Lithocholic acid

Lithocholic acid[1]
IUPAC name
(4R)-4-[(3R,5R,8R,9S,10S,13R,14S,17R)-3-Hydroxy-10,13-dimethyl-2,3,4,5,6,7,8,9,11,12,14,15,16,17-tetradecahydro-1H-cyclopenta[a]phenanthren-17-yl]pentanoic acid
Other names
Lithocholate; Lithocolic acid; 3α-Hydroxy-5β-cholan-24-oic acid; 3α-Hydroxy-5β-cholanic acid; 5β-Cholan-24-oic acid-3α-ol
434-13-9 YesY
3D model (Jmol) Interactive image
ChemSpider 9519 YesY
ECHA InfoCard 100.006.455
EC Number 207-099-1
PubChem 9903
RTECS number FZ2275000
Molar mass 376.57 g/mol
Melting point 183 to 188 °C (361 to 370 °F; 456 to 461 K)
S-phrases S22 S24/25
Except where otherwise noted, data are given for materials in their standard state (at 25 °C [77 °F], 100 kPa).
N verify (what is YesYN ?)
Infobox references

Lithocholic acid, also known as 3α-hydroxy-5β-cholan-24-oic acid or LCA, is a bile acid that acts as a detergent to solubilize fats for absorption. Bacterial action in the colon produces LCA from chenodeoxycholic acid by reduction of the hydroxyl functional group at carbon-7 in the "B" ring of the steroid framework.

It has been implicated in human and experimental animal carcinogenesis.[2] Preliminary in vitro research suggests that LCA selectively kills neuroblastoma cells, while sparing normal neuronal cells and is cytotoxic to numerous other malignant cell types at physiologically relevant concentrations.[3]

Dietary fiber can bind to lithocholic acid and aid in its excretion in stool;[4] as such, fiber can protect against colon cancer.

LCA (and LCA acetate and LCA propionate) can activate the vitamin D receptor without raising calcium levels as much as vitamin D itself.[5]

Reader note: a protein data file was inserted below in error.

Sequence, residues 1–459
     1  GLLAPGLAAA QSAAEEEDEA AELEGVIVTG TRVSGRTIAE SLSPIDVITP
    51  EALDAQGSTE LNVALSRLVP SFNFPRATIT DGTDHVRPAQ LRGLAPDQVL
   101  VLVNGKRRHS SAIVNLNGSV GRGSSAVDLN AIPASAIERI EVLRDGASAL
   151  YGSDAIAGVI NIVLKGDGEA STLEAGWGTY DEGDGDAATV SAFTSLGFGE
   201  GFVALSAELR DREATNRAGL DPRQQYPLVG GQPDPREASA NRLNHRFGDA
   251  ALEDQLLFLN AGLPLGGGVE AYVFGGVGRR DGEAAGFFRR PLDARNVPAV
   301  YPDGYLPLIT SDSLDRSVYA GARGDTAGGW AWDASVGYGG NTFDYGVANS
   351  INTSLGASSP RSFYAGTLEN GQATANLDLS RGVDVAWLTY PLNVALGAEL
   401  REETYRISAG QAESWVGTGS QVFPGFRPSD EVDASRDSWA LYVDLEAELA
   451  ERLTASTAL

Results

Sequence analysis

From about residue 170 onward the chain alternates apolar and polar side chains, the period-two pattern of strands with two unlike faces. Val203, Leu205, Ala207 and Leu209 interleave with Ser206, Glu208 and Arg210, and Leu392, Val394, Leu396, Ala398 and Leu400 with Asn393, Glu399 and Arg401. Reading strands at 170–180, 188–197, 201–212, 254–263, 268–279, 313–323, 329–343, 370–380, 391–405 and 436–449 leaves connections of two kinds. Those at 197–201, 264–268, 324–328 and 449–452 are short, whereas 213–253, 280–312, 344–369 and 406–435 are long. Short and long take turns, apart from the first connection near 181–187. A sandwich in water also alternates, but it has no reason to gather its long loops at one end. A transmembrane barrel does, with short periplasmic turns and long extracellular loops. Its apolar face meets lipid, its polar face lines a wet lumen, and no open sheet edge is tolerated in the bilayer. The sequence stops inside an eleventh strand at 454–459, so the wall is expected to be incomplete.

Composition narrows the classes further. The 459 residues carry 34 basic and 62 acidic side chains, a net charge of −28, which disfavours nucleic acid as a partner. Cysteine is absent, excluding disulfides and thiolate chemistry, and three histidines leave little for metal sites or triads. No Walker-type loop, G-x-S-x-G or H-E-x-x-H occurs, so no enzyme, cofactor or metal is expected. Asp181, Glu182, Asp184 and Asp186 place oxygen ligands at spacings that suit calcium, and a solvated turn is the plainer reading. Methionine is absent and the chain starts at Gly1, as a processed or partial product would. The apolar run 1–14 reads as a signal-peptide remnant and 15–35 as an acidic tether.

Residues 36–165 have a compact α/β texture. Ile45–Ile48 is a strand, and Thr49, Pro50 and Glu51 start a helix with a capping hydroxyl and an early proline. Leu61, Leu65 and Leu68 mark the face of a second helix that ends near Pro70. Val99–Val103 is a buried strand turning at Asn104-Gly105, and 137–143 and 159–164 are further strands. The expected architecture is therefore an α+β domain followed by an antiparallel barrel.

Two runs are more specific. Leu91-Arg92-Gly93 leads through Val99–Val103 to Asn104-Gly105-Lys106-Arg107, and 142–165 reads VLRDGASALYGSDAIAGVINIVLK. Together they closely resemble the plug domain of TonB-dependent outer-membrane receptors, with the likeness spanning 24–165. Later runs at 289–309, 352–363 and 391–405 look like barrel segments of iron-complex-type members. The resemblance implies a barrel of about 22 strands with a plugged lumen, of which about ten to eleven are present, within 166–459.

1. Lithocholic acid at Sigma-Aldrich
  2. Kozoni, V.; Tsioulias, G; Shiff, S; Rigas, B (2000). "The effect of lithocholic acid on proliferation and apoptosis during the early stages of colon carcinogenesis: Differential effect on apoptosis in the presence of a colon carcinogen". Carcinogenesis. 21 (5): 999–1005. doi:10.1093/carcin/21.5.999. PMID 10783324.
  3. Goldberg, AA; Beach, A; Davies, GF; Harkness, TA; Leblanc, A; Titorenko, VI (2011). "Lithocholic bile acid selectively kills neuroblastoma cells, while sparing normal neuronal cells". Oncotarget. 2 (10): 761–82. doi:10.18632/oncotarget.338. PMC 3248158Freely accessible. PMID 21992775.
  4. Jenkins, DJ; Wolever, TM; Rao, AV; Hegele, RA; Mitchell, SJ; Ransom, TP; Boctor, DL; Spadafora, PJ; et al. (1993). "Effect on blood lipids of very high intakes of fiber in diets low in saturated fat and cholesterol". The New England Journal of Medicine. 329 (1): 21–6. doi:10.1056/NEJM199307013290104. PMID 8389421.
  5. Ishizawa, M.; Matsunawa, M.; Adachi, R.; Uno, S.; Ikeda, K.; Masuno, H.; Shimizu, M.; Iwasaki, K.-i.; et al. (2008). "Lithocholic acid derivatives act as selective vitamin D receptor modulators without inducing hypercalcemia". The Journal of Lipid Research. 49 (4): 763–772. doi:10.1194/jlr.M700293-JLR200.

Further reading

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